The Australian Communication Consumer Action Network (ACCAN) has delivered a two-year deadline to telecommunications service providers to voluntarily get behind the Telecommunications Consumer Protection (TCP) code, or see the network lobby for more restrictive regulation.
The TCP code, which sees industry agree to meet certain levels of customer service, is currently being overhauled to improve customer complaint levels and to address consumer concerns within the telecommunications industry, including misleading advertising and confusing terminology.
The Australian Communications and Media Authority (ACMA) released a "Reconnecting the Customer" draft report at the beginning of June, outlining six proposals to be considered for inclusion in the TCP code.
At ACCAN's Reconnecting the Customer Summit held in Sydney today, ACCAN CEO Teresa Corbin said that the code would be considered a success if all of the measures proposed in the ACMA's report were implemented and at least 50 per cent of service providers complied with the code within 12 months.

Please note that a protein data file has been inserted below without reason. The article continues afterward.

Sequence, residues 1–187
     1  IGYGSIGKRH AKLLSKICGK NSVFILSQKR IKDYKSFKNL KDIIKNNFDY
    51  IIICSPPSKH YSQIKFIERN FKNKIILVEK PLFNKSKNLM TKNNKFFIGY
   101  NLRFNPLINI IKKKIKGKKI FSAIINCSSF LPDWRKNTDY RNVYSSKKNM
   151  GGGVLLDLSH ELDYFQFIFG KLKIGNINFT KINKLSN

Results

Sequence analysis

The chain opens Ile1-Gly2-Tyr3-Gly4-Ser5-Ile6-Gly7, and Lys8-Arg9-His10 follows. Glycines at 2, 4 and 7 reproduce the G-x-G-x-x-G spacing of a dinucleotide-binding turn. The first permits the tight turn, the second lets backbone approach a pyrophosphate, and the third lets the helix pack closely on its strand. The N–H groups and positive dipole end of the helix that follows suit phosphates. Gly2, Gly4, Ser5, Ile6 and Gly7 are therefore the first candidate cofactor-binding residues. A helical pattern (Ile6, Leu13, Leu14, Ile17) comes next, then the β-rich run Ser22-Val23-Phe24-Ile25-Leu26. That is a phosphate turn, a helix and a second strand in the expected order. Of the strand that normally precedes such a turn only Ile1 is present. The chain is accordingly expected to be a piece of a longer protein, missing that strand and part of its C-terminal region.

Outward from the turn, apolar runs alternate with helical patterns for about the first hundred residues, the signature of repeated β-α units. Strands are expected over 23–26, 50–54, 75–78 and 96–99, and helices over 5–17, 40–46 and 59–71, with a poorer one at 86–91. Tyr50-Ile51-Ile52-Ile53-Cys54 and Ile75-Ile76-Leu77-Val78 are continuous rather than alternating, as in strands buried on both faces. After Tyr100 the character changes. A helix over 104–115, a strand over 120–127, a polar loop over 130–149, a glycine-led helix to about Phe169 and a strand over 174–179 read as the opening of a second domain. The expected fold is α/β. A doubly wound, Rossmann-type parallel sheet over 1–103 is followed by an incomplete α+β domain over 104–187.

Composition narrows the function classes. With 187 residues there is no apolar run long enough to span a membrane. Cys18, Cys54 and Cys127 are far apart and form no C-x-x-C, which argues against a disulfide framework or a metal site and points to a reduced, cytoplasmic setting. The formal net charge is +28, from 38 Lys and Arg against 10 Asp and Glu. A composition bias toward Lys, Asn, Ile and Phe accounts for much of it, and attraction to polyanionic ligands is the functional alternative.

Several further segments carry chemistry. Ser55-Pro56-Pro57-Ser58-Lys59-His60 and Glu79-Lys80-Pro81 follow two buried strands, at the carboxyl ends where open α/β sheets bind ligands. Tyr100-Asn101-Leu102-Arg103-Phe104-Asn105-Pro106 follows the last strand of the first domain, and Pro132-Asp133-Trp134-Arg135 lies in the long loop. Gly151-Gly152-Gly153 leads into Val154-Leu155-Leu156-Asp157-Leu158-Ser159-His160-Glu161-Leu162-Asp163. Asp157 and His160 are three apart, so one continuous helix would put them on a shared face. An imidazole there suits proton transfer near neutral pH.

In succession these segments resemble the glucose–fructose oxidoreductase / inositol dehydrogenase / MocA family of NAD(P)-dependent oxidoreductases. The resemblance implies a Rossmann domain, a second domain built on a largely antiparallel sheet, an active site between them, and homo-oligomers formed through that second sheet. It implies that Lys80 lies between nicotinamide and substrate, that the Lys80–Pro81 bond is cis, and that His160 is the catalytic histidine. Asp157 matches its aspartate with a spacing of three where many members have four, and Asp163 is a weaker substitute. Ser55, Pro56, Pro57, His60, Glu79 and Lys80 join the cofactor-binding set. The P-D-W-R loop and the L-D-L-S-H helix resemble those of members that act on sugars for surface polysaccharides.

Corbin has previously stated that the TCP code could not possibly meet the ACMA's demands, and today set the deadline for when ACCAN would stop giving service providers the benefit of the doubt and start getting tough, asking for regulatory enforcement.
"Within two years, we want to see 100 per cent of service providers have met the code compliance monitoring requirements, and we want to see a 70 per cent reduction on the 2011 complaints that are going to the TIO," she said, adding that if achieved, ACCAN would be satisfied.
"If not, ACCAN will call for additional enforcement mechanisms, including those service provider rules and additional industry standards that we believe are more enforceable than a code of practice."
Corbin said that additional regulation which could be introduced would be similar to that already introduced to manage mobile premium services, which saw a reduction of 70 per cent of premium service-related complaints to the TIO.